Product News: Expanded LTE M1 connectivity, Bluetooth and NFC APIs are now generally available

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Today we’re excited to roll out expanded capabilities across two of our newest IoT connectivity technologies to better support your next steps in IoT:

  • Particle LTE M1 cellular connectivity has been extended to Canada and Mexico to better support North American IoT deployments. LTE M1 is now generally available for the US, Canada, and Mexico, and is immediately available for all new and existing LTE-enabled hardware, including the Electron LTE, E402, and Boron LTE.
  • Bluetooth Low Energy (BLE) and NFC APIs are now officially out of beta and are generally available in Device OS v1.4.0 and later (v1.4.0-rc.1 available today).

Learn more about each product release below.

Particle LTE M1 now generally available across North America

As carriers roll out support for LTE M1 connectivity across North America, Particle is working closely with our partners to ensure that these new LTE M1 networks provide robust, reliable connectivity for your devices. With the expansion of service to Canada and Mexico, our LTE M1 service is now generally available to support deployments across multiple North American geographies.

Connectivity is provided in conjunction with the following carrier partners and has been confirmed in the following geographies:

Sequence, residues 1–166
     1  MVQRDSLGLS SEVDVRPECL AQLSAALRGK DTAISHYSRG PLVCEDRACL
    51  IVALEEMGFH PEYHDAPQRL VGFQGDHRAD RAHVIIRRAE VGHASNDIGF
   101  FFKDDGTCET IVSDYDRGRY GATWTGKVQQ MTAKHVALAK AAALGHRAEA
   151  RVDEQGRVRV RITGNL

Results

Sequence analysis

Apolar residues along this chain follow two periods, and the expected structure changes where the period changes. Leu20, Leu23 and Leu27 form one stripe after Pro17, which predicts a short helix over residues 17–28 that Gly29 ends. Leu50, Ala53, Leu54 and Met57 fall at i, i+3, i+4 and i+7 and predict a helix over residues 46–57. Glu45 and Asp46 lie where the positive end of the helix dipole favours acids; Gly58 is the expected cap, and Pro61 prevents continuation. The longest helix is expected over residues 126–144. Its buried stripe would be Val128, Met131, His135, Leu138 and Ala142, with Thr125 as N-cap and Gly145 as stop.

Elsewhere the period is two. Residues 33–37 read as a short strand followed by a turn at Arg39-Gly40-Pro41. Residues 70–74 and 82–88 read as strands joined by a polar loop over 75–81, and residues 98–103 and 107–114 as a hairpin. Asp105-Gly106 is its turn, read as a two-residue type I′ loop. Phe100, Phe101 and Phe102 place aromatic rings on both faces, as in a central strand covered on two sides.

Country Carrier Coverage maps Confirmed geographies
USA AT&T Coverage map All 50 states
Canada Telus (primary), Bell, Rogers Coverage map Burnaby, Calgary, Edmonton, Kitchener, Montreal, North Vancouver, Ottawa, Quebec City, Toronto, Vancouver, Verdun, West Vancouver, Winnipeg
Mexico AT&T Mexico Coverage map Guadalajara, Mexico City, Tijuana, Zapopan

If you already have a Particle LTE device, it will automatically gain access to these improvements to our connectivity offering with no action required. Visit our retail store for the latest LTE-enabled Particle hardware.

Low power, data optimized Bluetooth Low Energy for IoT

The potential of Bluetooth in IoT is substantial, and we’re already seeing how Particle customers are leveraging BLE for better user experience in mobile apps — here’s an example of BLE in action.

From retrofitting legacy Bluetooth-enabled machinery to enabling in field service and diagnostics, BLE and NFC allow you to create more compelling experiences for your product’s end users while maximizing battery life and reducing device-to-device communications latency.

After releasing Bluetooth Low Energy and NFC APIs in beta this past June, these connectivity tools are now generally available on all of our newest hardware (the Argon, Boron, and Xenon) with some additional features not included in the beta.

The latest Device OS v1.4.0 release includes support for:

  • Bluetooth central, peripheral, broadcaster, and observer roles
  • Multi-roles such as a device functioning as a central and peripheral device simultaneously